For the U.S., all that's just as well. "Everyone's still waiting to see if another shoe will drop, if Iraq will kick out an inspection team or something," Waller says, "But so far it seems to be what the U.S. thinks and hopes it is -- just a random incident." This has happened several times in the five years that the U.S. has been patrolling the no-fly zone, and it will probably happen again. Waller points out that aside from some low-wattage grumbling this week, Iraq's recent behavior suggests a desire to cooperate with the U.N. With no casualties in the exchange but a few freshwater fish, it seems that both sides of this uneasy cease-fire would prefer to forget this exchange of jabs ever happened.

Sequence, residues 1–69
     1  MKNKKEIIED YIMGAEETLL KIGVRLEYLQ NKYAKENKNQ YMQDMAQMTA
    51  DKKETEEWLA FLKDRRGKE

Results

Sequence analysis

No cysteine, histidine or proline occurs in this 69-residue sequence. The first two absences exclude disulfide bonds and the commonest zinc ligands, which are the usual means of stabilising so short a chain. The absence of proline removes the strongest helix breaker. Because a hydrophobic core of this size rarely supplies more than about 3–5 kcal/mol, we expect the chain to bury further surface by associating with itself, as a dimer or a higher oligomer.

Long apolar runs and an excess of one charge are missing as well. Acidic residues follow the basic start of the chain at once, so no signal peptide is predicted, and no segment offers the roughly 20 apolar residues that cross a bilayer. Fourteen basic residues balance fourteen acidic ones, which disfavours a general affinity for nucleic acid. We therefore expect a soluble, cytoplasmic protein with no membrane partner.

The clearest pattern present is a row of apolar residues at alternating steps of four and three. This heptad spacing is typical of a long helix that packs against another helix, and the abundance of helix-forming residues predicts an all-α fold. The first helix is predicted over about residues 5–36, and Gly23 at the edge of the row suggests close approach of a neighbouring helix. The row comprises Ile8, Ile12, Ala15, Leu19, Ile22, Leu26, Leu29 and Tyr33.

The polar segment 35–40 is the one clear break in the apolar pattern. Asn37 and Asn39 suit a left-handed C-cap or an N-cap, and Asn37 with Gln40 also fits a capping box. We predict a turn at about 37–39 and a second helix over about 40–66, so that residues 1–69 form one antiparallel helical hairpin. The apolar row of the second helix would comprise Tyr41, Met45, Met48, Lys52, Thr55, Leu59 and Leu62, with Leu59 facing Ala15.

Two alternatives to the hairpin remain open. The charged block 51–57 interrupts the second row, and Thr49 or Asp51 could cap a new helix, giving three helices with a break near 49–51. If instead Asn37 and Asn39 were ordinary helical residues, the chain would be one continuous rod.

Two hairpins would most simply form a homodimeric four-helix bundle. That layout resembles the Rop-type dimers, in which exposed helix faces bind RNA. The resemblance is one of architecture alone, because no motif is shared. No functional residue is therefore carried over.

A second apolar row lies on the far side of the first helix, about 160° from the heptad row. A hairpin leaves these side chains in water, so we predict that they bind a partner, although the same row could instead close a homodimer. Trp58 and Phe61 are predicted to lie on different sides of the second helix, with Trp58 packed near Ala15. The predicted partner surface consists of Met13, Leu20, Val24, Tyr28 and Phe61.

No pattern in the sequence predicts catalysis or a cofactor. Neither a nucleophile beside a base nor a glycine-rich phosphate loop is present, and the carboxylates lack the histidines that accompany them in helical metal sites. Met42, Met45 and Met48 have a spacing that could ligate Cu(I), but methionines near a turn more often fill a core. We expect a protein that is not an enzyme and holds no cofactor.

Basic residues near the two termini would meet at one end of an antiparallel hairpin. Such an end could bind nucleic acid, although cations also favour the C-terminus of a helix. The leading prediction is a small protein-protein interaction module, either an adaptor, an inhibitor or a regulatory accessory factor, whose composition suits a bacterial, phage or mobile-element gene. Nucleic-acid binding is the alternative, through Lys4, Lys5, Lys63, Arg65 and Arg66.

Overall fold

Pentagon sources have told CNN that the missile a U.S. F-16 fired on Iraq on Tuesday did indeed miss the radar station by some 11 miles and land in a civilian reservoir, as the Iraqis have claimed. How did a sophisticated radar-tracking missile hit water and not its target? TIME National Security correspondent Douglas Waller says that the Iraqi operator would have merely sent "a squirt" of radar: enough to set off the British planes' alarms but not enough for the F-16's missile to draw a good bead on the source.